With the help of a thin but capable starting pitching staff and an inexorable back end of the bullpen, this hodgepodge of un-Captain'ed reclamation projects is putting an old-fashioned hurt on the American League, recent Toronto troubles aside. They have scored the second-most runs in baseball, trailing only the Jays. They have hit the third-most home runs. In a ten-game stretch spanning the end of July and the start of August, they tallied 90 runs, besting their closest competition during that period by 24. That last bit may be a little bit of a fluke. The rest of it is, inexplicably, undeniable.

The first game of that searing stretch, a come-from-behind win over the Twins in Minneapolis on July 25, is as good a microcosm of this Yankee season as any. The Twins had knocked C.C. Sabathia around and led 5-0 by the top of the fourth, when Rodriguez hit a solo homer that only the most heavily scarred Minnesota fan—remembering those postseason sweeps at the hands of New York in the late aughts that seemed as perfunctory, on the Yankees' part, as dropping a check in the mail—perceived as anything other than a little stat-padding at the edge of a blowout. The score held at 5-1 until the seventh, when another Rodriguez shot and a Headley sacrifice fly made it 5-4, where it stayed until the final frame.

Alex Rodriguez, right, begs Brian McCann, left, to drive him to Dorney Park & Wild Water Kingdom. — Photo by Noah K. Murray-USA TODAY Sports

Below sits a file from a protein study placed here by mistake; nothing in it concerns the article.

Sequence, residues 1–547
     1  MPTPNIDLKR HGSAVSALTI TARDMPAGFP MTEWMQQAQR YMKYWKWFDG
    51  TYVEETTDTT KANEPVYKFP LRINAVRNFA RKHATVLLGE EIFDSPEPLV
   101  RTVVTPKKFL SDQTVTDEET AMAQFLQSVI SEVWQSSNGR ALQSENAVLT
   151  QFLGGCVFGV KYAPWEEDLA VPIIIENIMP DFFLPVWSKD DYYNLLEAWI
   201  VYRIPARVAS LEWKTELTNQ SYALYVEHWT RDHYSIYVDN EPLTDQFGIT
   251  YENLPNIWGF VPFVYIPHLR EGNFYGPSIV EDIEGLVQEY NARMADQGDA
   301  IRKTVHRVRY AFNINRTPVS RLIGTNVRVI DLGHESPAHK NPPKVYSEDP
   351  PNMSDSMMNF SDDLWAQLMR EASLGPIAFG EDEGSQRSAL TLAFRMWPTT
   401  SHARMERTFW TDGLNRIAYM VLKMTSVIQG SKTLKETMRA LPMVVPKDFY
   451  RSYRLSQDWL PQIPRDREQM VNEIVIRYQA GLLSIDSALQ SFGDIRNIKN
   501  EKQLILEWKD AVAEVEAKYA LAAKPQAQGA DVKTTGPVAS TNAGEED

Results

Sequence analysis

The regularity with which the baseball gods have conspired to get Rodriguez to center stage at opportune moments this season is either evidence of a deity with an anti-establishment streak or a lucky run for mortals that are similarly inclined. There A-Rod was homering for his 3,000th hit in Yankee Stadium in June, four seasons after Jeter had done the same thing; here he was leading off the ninth at Target Field, two days before his fortieth birthday, looking to tie a game that an hour earlier had seemed out of reach.

Twins closer Glen Perkins threw Rodriguez a fastball at the knees, on the inside corner, and Rodriguez hit his shortest and most impressive home run of the night. The earlier ones had been mere craft. This one was art. Rodriguez deftly moved his hips back away from the plate, giving his arms room to extend; he swept his black bat low through the zone. The ball sailed over the wall in center, tying the game; an uglier shot from John Ryan Murphy minutes later gave the Yankees a lead they would not relinquish.

Over the course of a few innings, Rodriguez progressed from a diversion to the game's key figure, not unlike how the Yankees have gained an unexpected significance as April has led into August. Their first division title in three years is within sight—even if it's becoming less of a certainty in the face of a Blue Jays recent roster upgrade—as is the team's first postseason berth in at least two decades without a ready-made Bronx-exceptionalism script in tow.

The Yankees, in short, are no longer a parable. Rather, they are just a bunch of thrown-together sluggers at various points on their respective careers' downslopes, supported by a pretty solid pitching staff, making a go of it like anyone else. If this makes for harder work for FOX's promo writers come October, so be it. Everyone was sick of the old storyline, anyway.